another one bites the dust

Yesterday, I watched as a dead ash tree was cut down before it could come crashing down on a house during a wild winter wind. It was pretty cool to watch the skill and the carefully placed cutting to bring the thing down without incident to people or things. It was a good thing.

At the same, however, it bugged me (so to speak). It is, of course, thanks to the emerald ash borer that the tree had died and posed a threat. And the emerald ash borer, as we know, arrived here courtesy of international commerce. As I recall, the ground zero, if you will, of the emerald ash borer in Michigan was Wayne County, specifically, on pallets delivered to the automotive industry from Asia.

So, where’s the accountability here? The homeowner has to pay to have the tree taken down, or risk life and limb doing it. They lose a piece of their property doing it, as well. And if they don’t take it down, it will eventually come down anyway, jeopardizing whatever and whoever is in its path.

This has played out over and over and over again as the damage of the emerald ash borer ripples outward through the state, having already marched its way through the entire mitten part of the state, despite quarantines. It is so commonplace that “dead ash” is a completely understood and accepted term with all that it implies. We’re talking millions of trees.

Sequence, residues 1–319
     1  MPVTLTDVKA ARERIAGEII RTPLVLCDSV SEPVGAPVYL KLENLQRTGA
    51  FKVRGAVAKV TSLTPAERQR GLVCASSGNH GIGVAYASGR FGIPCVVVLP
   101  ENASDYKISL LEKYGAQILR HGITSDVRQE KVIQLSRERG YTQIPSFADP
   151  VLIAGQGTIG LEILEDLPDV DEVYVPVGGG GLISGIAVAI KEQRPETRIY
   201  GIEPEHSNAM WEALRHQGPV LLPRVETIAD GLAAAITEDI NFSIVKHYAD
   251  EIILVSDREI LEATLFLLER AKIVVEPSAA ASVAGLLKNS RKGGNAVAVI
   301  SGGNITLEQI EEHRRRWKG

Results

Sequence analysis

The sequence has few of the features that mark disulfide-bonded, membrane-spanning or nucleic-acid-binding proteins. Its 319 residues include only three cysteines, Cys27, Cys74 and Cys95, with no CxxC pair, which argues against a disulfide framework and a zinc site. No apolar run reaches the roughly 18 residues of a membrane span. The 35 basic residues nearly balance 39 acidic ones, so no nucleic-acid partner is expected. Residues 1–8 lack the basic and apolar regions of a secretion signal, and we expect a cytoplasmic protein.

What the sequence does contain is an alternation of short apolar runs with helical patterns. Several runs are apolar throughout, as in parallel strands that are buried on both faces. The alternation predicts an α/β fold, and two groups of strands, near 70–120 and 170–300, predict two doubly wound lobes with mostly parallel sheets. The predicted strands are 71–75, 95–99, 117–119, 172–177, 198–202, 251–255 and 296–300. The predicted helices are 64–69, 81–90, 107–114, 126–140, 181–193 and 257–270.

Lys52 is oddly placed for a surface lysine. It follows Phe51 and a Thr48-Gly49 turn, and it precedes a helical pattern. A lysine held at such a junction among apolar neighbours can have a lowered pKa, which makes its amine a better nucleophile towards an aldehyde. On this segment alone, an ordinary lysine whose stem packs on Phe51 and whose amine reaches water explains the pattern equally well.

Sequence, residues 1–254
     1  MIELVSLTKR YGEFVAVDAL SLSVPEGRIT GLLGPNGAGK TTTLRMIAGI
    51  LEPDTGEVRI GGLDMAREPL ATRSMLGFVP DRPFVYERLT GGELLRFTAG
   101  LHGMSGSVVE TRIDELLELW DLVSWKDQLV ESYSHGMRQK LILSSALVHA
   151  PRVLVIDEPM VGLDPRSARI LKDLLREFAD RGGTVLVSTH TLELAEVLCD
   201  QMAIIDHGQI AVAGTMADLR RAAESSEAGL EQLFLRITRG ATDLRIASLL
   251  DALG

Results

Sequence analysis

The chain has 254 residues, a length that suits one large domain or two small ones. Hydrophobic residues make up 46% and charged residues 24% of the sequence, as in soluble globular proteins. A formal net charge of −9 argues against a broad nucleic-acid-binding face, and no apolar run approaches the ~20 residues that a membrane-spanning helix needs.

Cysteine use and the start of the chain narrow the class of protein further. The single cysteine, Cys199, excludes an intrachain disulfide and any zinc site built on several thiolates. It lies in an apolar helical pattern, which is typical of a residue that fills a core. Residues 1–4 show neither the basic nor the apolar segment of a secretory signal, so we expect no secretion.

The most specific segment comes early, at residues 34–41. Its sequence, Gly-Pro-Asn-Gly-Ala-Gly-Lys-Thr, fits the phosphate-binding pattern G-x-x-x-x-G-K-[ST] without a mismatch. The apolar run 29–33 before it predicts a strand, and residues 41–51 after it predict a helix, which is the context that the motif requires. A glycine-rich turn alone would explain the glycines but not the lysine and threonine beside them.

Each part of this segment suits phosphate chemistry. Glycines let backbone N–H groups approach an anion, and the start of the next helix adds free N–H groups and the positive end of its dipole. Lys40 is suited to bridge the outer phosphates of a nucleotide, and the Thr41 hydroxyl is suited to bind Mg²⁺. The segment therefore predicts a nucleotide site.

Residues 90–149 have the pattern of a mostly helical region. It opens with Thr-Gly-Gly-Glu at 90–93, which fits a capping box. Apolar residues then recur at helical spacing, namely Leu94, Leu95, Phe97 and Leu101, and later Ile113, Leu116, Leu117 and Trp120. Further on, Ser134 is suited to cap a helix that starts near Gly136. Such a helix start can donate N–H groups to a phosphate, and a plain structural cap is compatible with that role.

Think of the millions of dollars worth of damage and loss. Homeowners and tax dollars going to clean up and live with the mess that industry made. And no one even talks about it, everyone just eats it.

And yeah, I get that it’s certainly a complicated thing to place and effect accountability on this, but it’s also pretty complicated to mobilize thousands of homeowners and government agencies to respond. I just don’t buy that it’s impossible, and that the entities that caused the whole problem get to skate on the whole thing while everyone else pays.

I think someone knows exactly where that first borer was delivered. I recall early on reading some very specific information about it, and in fact, those quarantines started out with a few counties ringing the original location of the pest.

And, if nothing else, why is it that we can’t learn the obvious lesson? That we need to manufacture here. We need to make things here, right here.

This entry was posted in business, Michigan, nature and tagged , . Bookmark the permalink.

1 Response to another one bites the dust

  1. ehpem says:

    Great point you make. That kind of accountability, if it were practiced, would lead to greater care and fewer introductions of problem animals and plants from other places. Probably would have been a more vigorous response to the initial stages of the outbreak as well.

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